Racial profiling does not discriminate by gender…it’s time to tell our black girls the police may not be working for them. Continue reading
The number of black women and girls who go missing without a manhunt or trace continues. I am grateful to share my fictionalization of the predicament of deprioritized black women and girls as the story “There Were Six” in Per Contra: An International Journal of The Arts, Literature and Ideas. I don’t presume to do justice to the realistic situation in a story, but please find some helpful links and resources included in this post. Continue reading
To understand how the joyous occasion of motherhood was a form of suffering for black female slave, please read this excellent post on “the book Birthing a Slave: Motherhood and Medicine in the Antebellum South, by Marie Jenkins Schwartz. The book tells the history of a somewhat esoteric subject: the need of slaveholders, and the doctors they hired, to control and manage the bodies and reproductive lives of slave women.”
We can have more admiration for black mothers and families today if we understand just how much our ancestral histories included so many challenges meant to destroy them.
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Most people know of slavery, but we don’t know about slavery. Specifically, we don’t know how dehumanizing it was to be a slave.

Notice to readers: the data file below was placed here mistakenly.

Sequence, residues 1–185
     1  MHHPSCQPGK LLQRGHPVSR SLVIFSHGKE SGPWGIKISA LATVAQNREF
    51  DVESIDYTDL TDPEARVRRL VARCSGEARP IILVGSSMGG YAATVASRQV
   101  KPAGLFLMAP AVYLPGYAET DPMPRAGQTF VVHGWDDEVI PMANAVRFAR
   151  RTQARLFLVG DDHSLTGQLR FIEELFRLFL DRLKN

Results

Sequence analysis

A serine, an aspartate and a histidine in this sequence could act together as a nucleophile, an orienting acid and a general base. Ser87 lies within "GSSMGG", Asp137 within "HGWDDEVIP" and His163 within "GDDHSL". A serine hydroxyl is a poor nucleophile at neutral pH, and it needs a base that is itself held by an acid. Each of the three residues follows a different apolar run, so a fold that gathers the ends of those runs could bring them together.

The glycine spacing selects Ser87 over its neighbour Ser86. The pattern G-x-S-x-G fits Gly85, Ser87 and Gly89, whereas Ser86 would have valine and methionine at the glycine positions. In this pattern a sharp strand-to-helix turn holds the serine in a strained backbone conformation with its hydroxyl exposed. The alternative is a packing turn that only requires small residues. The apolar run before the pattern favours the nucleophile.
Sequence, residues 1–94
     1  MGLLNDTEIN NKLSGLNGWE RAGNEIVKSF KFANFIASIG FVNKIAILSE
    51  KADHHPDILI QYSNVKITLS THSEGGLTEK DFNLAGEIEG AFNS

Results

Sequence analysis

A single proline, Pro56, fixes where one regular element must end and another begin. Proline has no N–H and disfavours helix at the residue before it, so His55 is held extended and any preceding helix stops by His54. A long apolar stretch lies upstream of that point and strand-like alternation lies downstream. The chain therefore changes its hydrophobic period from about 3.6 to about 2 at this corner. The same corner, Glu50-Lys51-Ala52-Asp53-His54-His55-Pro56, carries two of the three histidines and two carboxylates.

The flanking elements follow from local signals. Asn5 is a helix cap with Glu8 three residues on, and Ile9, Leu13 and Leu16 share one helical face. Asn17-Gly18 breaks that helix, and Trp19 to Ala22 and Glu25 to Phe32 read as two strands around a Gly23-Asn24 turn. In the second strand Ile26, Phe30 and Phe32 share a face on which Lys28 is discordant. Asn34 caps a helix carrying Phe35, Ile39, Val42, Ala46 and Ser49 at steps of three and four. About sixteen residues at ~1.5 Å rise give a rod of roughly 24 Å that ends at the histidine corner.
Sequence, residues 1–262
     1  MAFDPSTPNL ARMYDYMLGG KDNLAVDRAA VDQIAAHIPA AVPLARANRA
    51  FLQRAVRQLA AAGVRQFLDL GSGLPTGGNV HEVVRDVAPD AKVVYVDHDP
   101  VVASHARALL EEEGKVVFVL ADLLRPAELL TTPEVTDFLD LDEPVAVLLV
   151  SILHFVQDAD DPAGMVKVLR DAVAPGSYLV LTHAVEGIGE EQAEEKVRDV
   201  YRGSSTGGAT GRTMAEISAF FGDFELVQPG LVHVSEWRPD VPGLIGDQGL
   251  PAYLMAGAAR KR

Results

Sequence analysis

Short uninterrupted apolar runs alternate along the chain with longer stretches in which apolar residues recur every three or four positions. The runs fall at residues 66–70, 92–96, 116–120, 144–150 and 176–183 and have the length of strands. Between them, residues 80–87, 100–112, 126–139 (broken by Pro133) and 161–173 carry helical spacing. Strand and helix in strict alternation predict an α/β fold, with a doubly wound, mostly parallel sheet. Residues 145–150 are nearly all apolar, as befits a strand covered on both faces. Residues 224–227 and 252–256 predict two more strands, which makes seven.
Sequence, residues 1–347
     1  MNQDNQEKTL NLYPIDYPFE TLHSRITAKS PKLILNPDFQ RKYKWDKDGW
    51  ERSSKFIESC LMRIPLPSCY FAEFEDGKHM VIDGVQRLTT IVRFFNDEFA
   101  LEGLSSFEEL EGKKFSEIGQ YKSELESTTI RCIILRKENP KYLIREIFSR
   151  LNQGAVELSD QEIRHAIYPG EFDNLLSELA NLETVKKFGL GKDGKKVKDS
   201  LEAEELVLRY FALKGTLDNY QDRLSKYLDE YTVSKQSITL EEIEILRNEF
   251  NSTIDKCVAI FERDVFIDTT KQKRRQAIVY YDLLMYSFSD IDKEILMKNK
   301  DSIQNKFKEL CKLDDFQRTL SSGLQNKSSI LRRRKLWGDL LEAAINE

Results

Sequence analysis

We might understand what it’s like to be denied freedom or dignity at an intellectual level. But for many of us, we don’t have a grasp on how horrible the institution was, in the day to day life of an enslaved person. Most of us don’t “get” what it was about inhuman bondage that made it so inhuman.
For example: what was it like to be slave mother?
Some insights on this are given in the book Birthing a Slave: Motherhood and Medicine in the Antebellum South, by Marie Jenkins Schwartz. The book tells the history of a somewhat esoteric subject: the need of slaveholders, and the doctors they hired, to control and manage the bodies and reproductive lives of slave women.
But while the subject is…
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Proud for the beautiful opportunity to be featured in this project published by Winter Tangerine Review. My story “In 21 Days” appears. I wrote the story to provide my energy to the reality of a disproportionate number of Black Americans who are sentenced to hard time or who await the death penalty. Continue reading
**Trayvon Benjamin Martin (February 5, 1995 – February 26, 2012) was the son of Sybrina Fulton and Tracy Martin. He was a junior at Dr. Michael M. Krop High School. He lived with his mother and older brother in Miami … Continue reading
6-month old Jonylah Watkins, shot to death 5 times in Chicago, March 11, 2013 My mind hadn’t really caught up, yet. If not for my new early evening coffee habit, I still might not know that the 6-month old child … Continue reading
She was 15. She was an honors student. The shooter remains at large. Her parents live in shock. Her school is in silent mourning. Residents of Chicago are outraged. A nation is unaware.
Any African-American who achieves a fraction of what they set out to do in life will tell you a peaceful, unencumbered path is impossible. Some of us quietly accept prejudice and discrimination, and probably are better off for it. Others, like myself I can admit, talk very loudly. Both coping styles carry their toll and price. Continue reading